As many of you will know, in November 2013, the remarkable astrophysicist, Dimitri Mihalas – a pioneering mind in computational astrophysics, and a world leader in the fields of radiation transport, radiation hydrodynamics, and astrophysical quantitative spectroscopy – passed away. Though deeply saddened by this news, I also feel a unique sense of honor that, this year, I am able to announce the much-anticipated text, Theory of Stellar Atmospheres: An Introduction to Astrophysical Non-equilibrium Quantitative Spectroscopic Analysis, co-authored by Ivan Hubeny and Dimitri Mihalas. This book is the most recent publication in our Princeton Series in Astrophysics (David Spergel, advising editor), and it is a complete revision of Mihalas’s Stellar Atmospheres, first published in 1970 and considered by many to be the “bible” of the field. This new edition serves to provide a state of the art synthesis of the theory and methods of the quantitative spectroscopic analysis of the observable outer layers of stars. Designed to be self-contained, beginning upper-level undergraduate and graduate-level students will find it accessible, while advanced students, researchers, and professionals will also gain deeper insight from its pages. I look forward to bringing this very special book to the attention of a wide readership of students and researchers.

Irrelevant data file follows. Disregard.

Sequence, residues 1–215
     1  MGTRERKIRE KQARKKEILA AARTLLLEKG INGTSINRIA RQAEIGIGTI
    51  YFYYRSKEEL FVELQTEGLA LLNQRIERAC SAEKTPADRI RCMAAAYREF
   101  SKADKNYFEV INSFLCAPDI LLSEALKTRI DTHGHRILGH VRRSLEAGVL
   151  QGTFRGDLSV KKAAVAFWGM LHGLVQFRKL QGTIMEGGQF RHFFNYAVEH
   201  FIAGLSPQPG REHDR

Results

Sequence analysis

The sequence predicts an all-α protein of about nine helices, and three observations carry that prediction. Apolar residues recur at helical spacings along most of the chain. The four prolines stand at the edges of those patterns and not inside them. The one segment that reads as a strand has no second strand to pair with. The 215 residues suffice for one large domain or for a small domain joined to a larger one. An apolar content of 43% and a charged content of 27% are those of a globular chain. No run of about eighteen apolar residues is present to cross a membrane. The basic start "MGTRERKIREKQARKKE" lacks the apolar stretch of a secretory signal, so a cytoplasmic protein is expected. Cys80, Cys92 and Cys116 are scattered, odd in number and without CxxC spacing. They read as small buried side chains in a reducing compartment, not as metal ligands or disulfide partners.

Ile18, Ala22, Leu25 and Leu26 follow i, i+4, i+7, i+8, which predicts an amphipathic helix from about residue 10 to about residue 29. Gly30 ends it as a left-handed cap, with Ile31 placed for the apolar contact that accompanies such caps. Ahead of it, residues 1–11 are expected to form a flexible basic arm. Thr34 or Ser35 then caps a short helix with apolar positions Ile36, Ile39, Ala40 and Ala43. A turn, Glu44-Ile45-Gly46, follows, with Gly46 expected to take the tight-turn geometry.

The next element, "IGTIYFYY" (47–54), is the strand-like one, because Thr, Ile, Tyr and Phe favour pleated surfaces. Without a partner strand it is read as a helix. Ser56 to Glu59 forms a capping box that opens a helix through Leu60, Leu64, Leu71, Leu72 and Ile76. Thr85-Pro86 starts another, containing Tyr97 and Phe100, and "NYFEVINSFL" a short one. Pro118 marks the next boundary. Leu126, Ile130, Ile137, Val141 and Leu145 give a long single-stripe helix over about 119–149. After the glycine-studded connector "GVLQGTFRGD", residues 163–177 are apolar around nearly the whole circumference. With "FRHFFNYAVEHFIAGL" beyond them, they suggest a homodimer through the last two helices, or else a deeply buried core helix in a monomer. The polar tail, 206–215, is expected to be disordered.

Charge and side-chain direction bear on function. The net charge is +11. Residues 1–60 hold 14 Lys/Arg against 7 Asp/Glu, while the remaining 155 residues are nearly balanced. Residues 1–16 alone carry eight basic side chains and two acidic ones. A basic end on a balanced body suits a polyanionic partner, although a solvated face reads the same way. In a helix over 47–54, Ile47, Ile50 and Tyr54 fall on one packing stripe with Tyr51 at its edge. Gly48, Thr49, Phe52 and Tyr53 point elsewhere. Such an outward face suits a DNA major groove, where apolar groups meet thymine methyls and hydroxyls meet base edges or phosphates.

It is also with profound excitement that I would like to announce the imminent publication of Kip Thorne and Roger Blandford’s Modern Classical Physics: Optics, Fluids, Plasmas, Elasticity, Relativity, and Statistical Physics. This is a first-year, graduate-level introduction to the fundamental concepts and 21st-century applications of six major branches of classical physics that every masters- or PhD-level physicist should be exposed to, but often isn’t. Early readers have described the manuscript as “splendid,” “audacious,” and a “tour de force,” and I couldn’t agree more. Stay tuned!
Lastly, it is a pleasure to announce a number of newly and vibrantly redesigned books in our popular-level series, the Princeton Science Library. These include Richard Alley’s The Two-Mile Time Machine, which Elizabeth Kolbert has called a “fascinating” work that “will make you look at the world in a new way” (The Week), as well as G. Polya’s bestselling must-read, How to Solve It. In addition, the classics by Einstein, The Meaning of Relativity, with an introduction by Brian Greene, and Feynman, QED, introduced by A. Zee, are certainly not to be missed.
Of course, these are just a few of the many new books on the Princeton list I hope you’ll explore. My thanks to you all—readers, authors, and trusted advisors—for your enduring support. I hope that you enjoy our books and that you will continue to let me know what you would like to read in the future.
Executive Editor, Physical & Earth Sciences